Technologically and linguistically adventurous EFL teacher, trainer, writer and manager

Xish learners…

…expect there to be a lot of grammar in the lesson.

…want you to present the grammar clearly.

…want you to focus on grammar.

…don’t want you to focus on grammar.

…want to do a lot of speaking in our classes because they didn’t get that at school.

…are used to red being used when they make mistakes (and are therefore scared of it)

…expect the teacher to know all of the answers.

…are coming to our school because they want a native speaker.

And…?
These thoughts have been swirling round in my head for a while. In every country I’ve lived in, I’ve been told variants of the sentences above about learners from that country, plus many other things besides which I can’t remember. It strikes me that these comments are much more universal than many people think. Or is it just me?

The following line is what prompted me to finally get these thoughts out:

“For Croatian learners the idea of the all-knowing, red-pen-wielding instructor is quite common.” https://afteroctopus.wordpress.com/2015/11/09/7-things-students-expect-from-an-online-writing-skills-course/

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Comments on: "Xish learners…" (3)

  1. You’re not alone there Sandy. I’ve seen those comments made about almost every country I’ve worked in. Especially the “don’t/want grammar”. One difference I have noticed in my experience, in Spain parents seemed to understand that a native speaker wouldn’t speak Spanish fluently but the Children would learn. In Ukraine and Poland I received loads of questions about if it was possible for someone to teach children/low levels when they don’t speak the language. Just a personal observation where the school may have been a factor but worth mentioning.

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  2. Hi Sandy,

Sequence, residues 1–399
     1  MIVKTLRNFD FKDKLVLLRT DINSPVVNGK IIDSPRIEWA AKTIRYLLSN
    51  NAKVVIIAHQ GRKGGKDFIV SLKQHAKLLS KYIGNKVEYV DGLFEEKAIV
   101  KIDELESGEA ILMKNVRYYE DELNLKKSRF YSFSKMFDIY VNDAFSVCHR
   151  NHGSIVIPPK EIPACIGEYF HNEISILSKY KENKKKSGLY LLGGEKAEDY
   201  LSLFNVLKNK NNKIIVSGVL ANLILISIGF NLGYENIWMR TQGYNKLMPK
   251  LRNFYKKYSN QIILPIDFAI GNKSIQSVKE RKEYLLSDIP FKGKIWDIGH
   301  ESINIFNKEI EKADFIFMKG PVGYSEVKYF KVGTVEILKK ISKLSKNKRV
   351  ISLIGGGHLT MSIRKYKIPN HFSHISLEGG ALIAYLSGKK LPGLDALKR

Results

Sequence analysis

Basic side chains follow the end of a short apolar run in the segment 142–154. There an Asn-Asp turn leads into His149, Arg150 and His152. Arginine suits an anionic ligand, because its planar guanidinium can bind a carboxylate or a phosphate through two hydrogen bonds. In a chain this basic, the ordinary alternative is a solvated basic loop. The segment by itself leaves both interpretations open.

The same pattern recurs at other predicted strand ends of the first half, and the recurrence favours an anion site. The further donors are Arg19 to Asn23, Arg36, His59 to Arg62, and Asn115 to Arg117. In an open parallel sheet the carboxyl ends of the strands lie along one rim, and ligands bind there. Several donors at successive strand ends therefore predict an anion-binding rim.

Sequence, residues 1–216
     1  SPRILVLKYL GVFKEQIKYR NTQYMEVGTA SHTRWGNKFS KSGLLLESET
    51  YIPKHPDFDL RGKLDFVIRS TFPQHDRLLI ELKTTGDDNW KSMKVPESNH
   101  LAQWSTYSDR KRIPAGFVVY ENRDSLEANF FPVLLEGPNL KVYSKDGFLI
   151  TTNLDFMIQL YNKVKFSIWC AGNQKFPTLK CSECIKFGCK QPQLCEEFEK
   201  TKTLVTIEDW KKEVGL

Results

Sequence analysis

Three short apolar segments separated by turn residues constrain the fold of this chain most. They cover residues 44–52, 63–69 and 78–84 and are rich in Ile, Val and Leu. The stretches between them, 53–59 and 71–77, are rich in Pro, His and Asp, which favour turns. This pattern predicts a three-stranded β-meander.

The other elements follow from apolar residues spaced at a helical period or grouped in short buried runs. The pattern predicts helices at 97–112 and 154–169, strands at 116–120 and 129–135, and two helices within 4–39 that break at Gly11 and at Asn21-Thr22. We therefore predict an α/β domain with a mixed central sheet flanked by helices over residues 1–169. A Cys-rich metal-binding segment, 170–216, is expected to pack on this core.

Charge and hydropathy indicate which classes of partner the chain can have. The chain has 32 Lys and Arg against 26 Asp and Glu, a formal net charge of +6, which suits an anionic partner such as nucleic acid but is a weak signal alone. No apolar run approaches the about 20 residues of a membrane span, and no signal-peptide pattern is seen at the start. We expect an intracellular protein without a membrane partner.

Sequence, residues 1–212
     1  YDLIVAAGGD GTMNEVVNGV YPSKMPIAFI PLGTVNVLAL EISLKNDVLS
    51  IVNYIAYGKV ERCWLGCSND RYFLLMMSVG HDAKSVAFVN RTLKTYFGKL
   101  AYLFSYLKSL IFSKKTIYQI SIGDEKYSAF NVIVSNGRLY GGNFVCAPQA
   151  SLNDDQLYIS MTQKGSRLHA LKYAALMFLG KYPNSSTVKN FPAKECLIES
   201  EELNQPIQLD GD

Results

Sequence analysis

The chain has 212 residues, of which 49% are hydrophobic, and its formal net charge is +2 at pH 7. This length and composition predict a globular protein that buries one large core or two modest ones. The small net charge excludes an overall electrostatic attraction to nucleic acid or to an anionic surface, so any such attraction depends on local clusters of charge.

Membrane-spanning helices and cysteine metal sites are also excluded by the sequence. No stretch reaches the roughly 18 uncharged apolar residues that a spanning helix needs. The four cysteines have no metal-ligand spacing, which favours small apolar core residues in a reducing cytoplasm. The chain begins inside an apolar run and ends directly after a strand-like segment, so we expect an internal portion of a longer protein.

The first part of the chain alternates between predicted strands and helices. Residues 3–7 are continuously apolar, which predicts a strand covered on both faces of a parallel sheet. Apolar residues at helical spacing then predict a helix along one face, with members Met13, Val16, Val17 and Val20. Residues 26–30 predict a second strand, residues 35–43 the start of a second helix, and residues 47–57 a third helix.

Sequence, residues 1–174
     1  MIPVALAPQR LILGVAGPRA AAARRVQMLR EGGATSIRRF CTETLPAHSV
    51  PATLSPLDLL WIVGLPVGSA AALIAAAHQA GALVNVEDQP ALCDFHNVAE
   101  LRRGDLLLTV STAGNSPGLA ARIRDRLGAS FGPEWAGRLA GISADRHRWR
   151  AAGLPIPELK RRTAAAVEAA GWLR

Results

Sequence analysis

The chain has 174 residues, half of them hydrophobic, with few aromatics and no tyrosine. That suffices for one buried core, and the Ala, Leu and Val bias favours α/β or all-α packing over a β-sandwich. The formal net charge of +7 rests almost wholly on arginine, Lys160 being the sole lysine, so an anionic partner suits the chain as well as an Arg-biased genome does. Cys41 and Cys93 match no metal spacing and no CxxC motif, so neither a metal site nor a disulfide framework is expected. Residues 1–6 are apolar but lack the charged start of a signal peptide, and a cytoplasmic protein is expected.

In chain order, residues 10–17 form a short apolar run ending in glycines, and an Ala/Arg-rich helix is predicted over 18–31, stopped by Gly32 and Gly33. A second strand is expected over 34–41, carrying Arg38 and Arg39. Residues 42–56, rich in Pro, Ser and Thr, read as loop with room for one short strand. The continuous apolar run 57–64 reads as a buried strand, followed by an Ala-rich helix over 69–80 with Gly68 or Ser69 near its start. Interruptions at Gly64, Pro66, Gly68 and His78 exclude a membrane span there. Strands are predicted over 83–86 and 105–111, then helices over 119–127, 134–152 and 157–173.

In my experience all of the above applies to Croatian learners, except for wanting a NS teacher and (possibly) being scared of the red pen. But maybe that’s just me not seeing it, because I work with adults and they probably don’t want to admit to being traumatized by ink color. Re wanting speaking classes because they didn’t do that at school, one of the students from the post you linked to said she was glad to be taking a writing skills course because in her experience language schools in Croatia focus on speaking to the detriment of other skills, especially writing. I thought that was interesting.

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  3. carrieljames said:

    Sandy – I think these issues are universal. When I was teaching in Russia, the NS request was often even more specific: I must have a British English teacher because I want to speak British English like all a typical bowler-hatted London businessman.

    You can imagine that a lot of those who visited London were quite disappointed!

    These days, grammar comes up time and time again – but mainly because a lot of the students I teach/have taught are working towards exams that have a specific focus on grammar, or because they learned English at school with the grammar-translation approach and are convinced that that is the way that languages ought to learned.

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